of Public Utilities and it had no water faucets, bad infrastructure, and poor lighting.
However, the North Louisiana Historical Association worked hard to keep interest in Shreveport's
history alive to the younger generation. This time period started to finally change in 1970,
when the Shreveport Beautification Foundation greatly worked to improve the condition of the
cemetery. This was under the direction of chairman Aloyese Menasco, where the infrastructure
and graves had been improved. In 1977, when the cemetery was placed on the National Register
of Historic Places, the City Council began to lose interest in it. The cemetery was neglected
Despite recurring neglect, Shreveport's greatest historians like Eric J. Brock
worked to help keep Oakland Cemetery history alive. This was during the 1980's, 1990's,
and even into the 2000's. Brock wrote countless books and newspaper articles on the history
of Oakland Cemetery. Patti M. Underwood constructed the City Council minutes timeline about
the chronological history of Oakland Cemetery, and it is a very reputable source even to this
day. Most recently in 2017, the KTBS news station report by Jeff Beimfohr says that the
Oakland Cemetery Preservation Society (OCPS) planned to renew the cemetery by adding a gazebo.
This is a walkway and an outdoor plaza they plan to add to make the cemetery a more social
gathering place like it used to be. When the City Council approved it, the $90,000 is going
to be paid by the Alta and John Franks Foundation completely. In the report, Steve Smith is
a member of the OCPS and has worked tirelessly to preserve and improve the cemetery.
Thanks to the dedicated work of many historians and organizations, the Oakland
Cemetery is still remembered and preserved for future generations to come. It will always
be an integral part in Shreveport's history because it houses so many great people of the
history of this city. This includes Alphonso Smith, the city’s first black doctor, and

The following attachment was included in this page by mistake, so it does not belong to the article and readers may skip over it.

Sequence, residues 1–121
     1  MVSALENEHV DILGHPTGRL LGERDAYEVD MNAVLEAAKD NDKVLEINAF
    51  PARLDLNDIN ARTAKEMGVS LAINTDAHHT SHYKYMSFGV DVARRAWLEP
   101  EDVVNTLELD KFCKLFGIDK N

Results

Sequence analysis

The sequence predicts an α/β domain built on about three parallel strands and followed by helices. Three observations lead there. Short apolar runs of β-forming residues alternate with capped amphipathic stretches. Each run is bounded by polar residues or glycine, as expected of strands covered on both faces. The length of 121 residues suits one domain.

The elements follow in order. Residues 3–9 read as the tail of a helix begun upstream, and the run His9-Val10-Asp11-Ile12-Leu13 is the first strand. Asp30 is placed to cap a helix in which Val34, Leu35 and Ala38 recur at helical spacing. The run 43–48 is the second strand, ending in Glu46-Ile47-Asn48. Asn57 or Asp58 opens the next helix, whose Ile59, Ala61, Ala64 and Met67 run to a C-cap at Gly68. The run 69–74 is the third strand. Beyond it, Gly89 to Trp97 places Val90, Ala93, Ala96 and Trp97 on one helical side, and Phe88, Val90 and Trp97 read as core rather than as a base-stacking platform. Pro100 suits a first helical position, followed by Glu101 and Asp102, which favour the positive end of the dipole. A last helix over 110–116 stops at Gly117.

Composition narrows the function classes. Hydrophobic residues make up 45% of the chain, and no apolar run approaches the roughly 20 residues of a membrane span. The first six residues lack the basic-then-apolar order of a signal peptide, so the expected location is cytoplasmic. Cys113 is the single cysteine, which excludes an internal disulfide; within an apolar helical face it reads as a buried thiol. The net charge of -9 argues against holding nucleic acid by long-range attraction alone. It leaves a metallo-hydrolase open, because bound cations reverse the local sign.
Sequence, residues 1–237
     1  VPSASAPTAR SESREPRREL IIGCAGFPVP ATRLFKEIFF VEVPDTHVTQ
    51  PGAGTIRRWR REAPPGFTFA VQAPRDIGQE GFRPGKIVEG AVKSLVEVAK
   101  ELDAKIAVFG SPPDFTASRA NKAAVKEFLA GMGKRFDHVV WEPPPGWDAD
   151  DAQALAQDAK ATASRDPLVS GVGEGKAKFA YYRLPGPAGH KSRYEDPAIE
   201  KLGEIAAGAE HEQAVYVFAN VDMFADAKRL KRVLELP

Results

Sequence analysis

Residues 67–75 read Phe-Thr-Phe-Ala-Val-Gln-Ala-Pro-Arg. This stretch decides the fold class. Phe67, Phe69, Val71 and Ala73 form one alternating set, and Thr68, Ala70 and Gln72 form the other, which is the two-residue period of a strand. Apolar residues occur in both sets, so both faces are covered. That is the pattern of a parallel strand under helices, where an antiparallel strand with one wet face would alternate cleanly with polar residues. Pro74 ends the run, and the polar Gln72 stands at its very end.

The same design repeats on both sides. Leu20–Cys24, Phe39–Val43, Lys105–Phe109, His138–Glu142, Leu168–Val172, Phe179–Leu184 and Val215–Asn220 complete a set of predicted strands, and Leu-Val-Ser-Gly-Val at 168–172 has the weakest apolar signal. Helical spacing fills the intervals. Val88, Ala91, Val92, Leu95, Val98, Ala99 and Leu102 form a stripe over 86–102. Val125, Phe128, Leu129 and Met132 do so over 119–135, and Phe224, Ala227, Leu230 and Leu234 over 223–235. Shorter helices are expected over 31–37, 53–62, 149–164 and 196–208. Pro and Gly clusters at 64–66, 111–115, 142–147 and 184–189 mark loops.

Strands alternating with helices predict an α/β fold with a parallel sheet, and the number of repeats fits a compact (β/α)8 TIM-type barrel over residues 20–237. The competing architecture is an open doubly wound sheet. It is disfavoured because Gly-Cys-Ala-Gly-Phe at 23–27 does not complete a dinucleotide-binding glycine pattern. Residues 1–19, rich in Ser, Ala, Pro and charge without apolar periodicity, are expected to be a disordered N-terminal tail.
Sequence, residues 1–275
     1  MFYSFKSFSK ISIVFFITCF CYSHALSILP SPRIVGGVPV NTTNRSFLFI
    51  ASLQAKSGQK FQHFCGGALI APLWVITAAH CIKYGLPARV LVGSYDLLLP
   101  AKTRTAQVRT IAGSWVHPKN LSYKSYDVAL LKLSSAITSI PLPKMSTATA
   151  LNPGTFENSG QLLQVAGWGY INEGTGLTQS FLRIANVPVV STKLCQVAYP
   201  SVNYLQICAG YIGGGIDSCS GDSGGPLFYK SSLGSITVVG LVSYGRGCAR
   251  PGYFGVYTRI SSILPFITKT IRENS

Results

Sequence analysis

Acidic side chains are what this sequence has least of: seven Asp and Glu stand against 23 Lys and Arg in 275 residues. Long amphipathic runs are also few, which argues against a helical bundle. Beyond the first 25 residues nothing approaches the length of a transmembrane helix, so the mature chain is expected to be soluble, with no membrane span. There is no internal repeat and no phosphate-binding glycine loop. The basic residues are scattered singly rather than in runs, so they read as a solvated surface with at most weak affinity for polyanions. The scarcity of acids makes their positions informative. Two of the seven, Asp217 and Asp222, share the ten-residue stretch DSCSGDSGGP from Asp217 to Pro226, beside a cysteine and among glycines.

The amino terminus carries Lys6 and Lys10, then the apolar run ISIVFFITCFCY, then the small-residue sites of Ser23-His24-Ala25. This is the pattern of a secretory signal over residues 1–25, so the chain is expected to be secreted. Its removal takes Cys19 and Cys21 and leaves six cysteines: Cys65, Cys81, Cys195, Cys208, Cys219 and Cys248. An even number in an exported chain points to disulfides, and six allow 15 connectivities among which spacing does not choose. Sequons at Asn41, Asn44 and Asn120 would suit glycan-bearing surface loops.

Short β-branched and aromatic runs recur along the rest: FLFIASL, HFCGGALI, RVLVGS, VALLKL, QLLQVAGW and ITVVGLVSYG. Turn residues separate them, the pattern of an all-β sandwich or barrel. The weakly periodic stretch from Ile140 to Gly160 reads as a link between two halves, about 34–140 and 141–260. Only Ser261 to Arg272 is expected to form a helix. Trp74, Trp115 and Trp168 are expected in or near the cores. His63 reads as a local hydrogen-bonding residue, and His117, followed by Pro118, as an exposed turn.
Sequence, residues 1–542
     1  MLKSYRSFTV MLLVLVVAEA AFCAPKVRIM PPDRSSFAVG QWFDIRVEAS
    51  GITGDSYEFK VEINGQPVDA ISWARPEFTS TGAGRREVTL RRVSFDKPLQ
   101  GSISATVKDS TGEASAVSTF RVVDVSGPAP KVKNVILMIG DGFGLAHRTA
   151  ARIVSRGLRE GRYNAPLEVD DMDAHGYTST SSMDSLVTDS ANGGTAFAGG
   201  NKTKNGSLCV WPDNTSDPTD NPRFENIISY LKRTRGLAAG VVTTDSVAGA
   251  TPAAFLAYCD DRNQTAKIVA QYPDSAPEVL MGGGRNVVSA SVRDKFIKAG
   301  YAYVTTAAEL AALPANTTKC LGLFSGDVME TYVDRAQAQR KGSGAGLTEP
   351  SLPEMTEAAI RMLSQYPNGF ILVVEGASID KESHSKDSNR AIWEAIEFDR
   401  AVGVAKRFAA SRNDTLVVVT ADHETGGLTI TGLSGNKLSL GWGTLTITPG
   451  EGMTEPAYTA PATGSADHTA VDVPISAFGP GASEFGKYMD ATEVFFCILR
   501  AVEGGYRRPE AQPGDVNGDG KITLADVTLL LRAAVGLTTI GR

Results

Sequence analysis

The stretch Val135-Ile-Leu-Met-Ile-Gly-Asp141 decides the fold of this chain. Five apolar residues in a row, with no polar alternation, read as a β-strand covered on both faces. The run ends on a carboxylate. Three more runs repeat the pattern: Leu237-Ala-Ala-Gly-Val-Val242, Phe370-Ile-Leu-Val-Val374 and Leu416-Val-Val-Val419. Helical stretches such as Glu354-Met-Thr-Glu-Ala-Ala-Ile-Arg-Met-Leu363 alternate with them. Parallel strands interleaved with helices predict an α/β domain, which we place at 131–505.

Mary Bennet Cane, "The Mother of Shreveport." The oldest known grave buried in
Oakland dated back to 1842 and belonged to Rufus Sewall, the brother of Shreveport's
first mayor John Octavius Sewall, who is believed to be buried in Oakland as well.
Oakland Cemetery was known to be called Oakland Cemetery in 1905; before, it was just
called the City Cemetery. The reason for the change of name cannot be absolutely
certain. Furthermore, there is so much rich history and heritage that originates in
Oakland that it has profoundly impacted the city and rests countless people who have
shaped Shreveport into what it is today.
Bibliography: Newberry, Jane Leslie. "Oakland Cemetery: Its Trials and Tribulations:
The Evolution of a National Historic Landmark."
North Louisiana Historical Association Journal Vol. 19, No. 2, 3. (Spring-Summer 1988): 69-77.
Underwood, Patti M. "Oakland Cemetery Timeline." Sept. 24, 2012.
Beimfohr, Jeff. "Preserving Shreveport's History -- one Grave at a Time | News | Ktbs.com." KTBS. July 13, 2017.
Brock, Eric J. "A Necrology of Graves at The Old Oakland Cemetery of Shreveport, Louisiana."
Louisiana: J and W Enterprises, 1988.
Brock, Eric J. "Manuscript: Oakland Cemetery." Vertical File: LSU-Shreveport Archives. No date.
The following, adapted from the Chicago Manual of Style,
15th edition, is the preferred citation for this article.
Francisco Guzman, "Oakland Cemetery," Handbook of North Louisiana Online
(http://www…….), accessed …………. Published by LSU-Shreveport.